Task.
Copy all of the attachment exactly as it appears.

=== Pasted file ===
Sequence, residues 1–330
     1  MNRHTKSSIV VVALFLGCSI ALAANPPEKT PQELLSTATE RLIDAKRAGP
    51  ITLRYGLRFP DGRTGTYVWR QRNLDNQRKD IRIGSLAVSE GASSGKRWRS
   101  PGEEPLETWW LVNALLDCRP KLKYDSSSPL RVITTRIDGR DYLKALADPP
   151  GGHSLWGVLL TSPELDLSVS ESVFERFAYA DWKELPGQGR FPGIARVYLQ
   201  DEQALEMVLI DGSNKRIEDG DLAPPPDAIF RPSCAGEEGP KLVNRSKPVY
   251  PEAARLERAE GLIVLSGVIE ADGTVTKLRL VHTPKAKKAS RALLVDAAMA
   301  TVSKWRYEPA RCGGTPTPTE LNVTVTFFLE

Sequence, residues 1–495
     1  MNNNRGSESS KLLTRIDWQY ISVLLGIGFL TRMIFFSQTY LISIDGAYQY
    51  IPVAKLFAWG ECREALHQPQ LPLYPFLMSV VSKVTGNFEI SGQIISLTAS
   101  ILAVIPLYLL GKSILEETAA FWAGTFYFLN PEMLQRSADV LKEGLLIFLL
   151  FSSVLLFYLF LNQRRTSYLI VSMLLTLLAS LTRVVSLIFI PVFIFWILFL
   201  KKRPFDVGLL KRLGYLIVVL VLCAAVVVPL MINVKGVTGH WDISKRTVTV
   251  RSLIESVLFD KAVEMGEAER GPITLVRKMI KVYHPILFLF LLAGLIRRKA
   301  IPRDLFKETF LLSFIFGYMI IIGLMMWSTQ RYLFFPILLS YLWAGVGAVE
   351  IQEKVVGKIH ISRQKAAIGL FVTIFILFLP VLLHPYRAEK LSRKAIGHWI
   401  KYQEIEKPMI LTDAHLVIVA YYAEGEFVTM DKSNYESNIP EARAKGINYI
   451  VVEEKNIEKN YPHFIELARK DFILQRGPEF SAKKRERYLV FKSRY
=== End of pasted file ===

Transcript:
Sequence, residues 1–330
     1  MNRHTKSSIV VVALFLGCSI ALAANPPEKT PQELLSTATE RLIDAKRAGP
    51  ITLRYGLRFP DGRTGTYVWR QRNLDNQRKD IRIGSLAVSE GASSGKRWRS
   101  PGEEPLETWW LVNALLDCRP KLKYDSSSPL RVITTRIDGR DYLKALADPP
   151  GGHSLWGVLL TSPELDLSVS ESVFERFAYA DWKELPGQGR FPGIARVYLQ
   201  DEQALEMVLI DGSNKRIEDG DLAPPPDAIF RPSCAGEEGP KLVNRSKPVY
   251  PEAARLERAE GLIVLSGVIE ADGTVTKLRL VHTPKAKKAS RALLVDAAMA
   301  TVSKWRYEPA RCGGTPTPTE LNVTVTFFLE

Sequence, residues 1–495
     1  MNNNRGSESS KLLTRIDWQY ISVLLGIGFL TRMIFFSQTY LISIDGAYQY
    51  IPVAKLFAWG ECREALHQPQ LPLYPFLMSV VSKVTGNFEI SGQIISLTAS
   101  ILAVIPLYLL GKSILEETAA FWAGTFYFLN PEMLQRSADV LKEGLLIFLL
   151  FSSVLLFYLF LNQRRTSYLI VSMLLTLLAS LTRVVSLIFI PVFIFWILFL
   201  KKRPFDVGLL KRLGYLIVVL VLCAAVVVPL MINVKGVTGH WDISKRTVTV
   251  RSLIESVLFD KAVEMGEAER GPITLVRKMI KVYHPILFLF LLAGLIRRKA
   301  IPRDLFKETF LLSFIFGYMI IIGLMMWSTQ RYLFFPILLS YLWAGVGAVE
   351  IQEKVVGKIH ISRQKAAIGL FVTIFILFLP VLLHPYRAEK LSRKAIGHWI
   401  KYQEIEKPMI LTDAHLVIVA YYAEGEFVTM DKSNYESNIP EARAKGINYI
   451  VVEEKNIEKN YPHFIELARK DFILQRGPEF SAKKRERYLV FKSRY